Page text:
Why “Astounding Punitiveness” In the U.S. Will Be Hard To Remedy


A new book by the University of Pennsylvania’s Marie Gottschalk, “Caught: The Prison State and the Lockdown of American Politics,” “intends to tell us not just what has and is going wrong, but why it is, has been, and will be so difficult to remedy,” says Stephen Lurie, writing in the Los Angeles Review of Books. Lurie cites Gottschalk’s “deep rigor and discerning eye for misperceptions and common reductions of complex problems.”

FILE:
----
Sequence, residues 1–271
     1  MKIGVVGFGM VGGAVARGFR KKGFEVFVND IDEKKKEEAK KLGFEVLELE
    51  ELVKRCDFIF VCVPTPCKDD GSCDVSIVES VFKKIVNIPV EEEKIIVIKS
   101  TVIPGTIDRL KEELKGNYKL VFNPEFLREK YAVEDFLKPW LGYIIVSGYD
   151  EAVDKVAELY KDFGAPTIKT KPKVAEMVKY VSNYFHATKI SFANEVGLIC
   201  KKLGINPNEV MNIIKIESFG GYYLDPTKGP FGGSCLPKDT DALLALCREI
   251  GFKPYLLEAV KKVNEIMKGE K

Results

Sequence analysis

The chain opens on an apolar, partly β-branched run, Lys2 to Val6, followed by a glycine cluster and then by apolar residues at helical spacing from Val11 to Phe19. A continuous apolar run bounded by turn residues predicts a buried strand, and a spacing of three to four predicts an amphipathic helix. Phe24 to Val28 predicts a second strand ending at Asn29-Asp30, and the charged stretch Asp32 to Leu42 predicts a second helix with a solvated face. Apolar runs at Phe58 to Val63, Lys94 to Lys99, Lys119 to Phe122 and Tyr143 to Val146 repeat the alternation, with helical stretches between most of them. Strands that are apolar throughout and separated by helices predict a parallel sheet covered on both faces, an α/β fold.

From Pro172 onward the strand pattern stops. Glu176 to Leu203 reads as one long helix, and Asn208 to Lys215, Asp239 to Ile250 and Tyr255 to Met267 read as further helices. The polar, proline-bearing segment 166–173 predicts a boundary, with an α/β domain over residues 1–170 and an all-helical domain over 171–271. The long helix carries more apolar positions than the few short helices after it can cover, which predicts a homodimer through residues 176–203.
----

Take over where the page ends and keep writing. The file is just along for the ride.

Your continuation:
Gottschalk “doesn't show lenience to the pet theories of the left or right,” Lurie says. The author is critical of “the newly popular idea among fiscal conservatives (and hopeful liberals) that mass incarceration is simply too financially costly to continue.” She also does not embrace the view of Michelle Alexander in The New Jim Crow that emphasizes the racial nature of mass incarceration, its descent from centuries of subjugation of African Americans, and its formalization through the War on Drugs and criminalization of petty offenses. Rather, Gottschalk says that “the common theme over time is the astounding punitiveness — the excessive sentences and enforcement — with which the United States approaches justice.”

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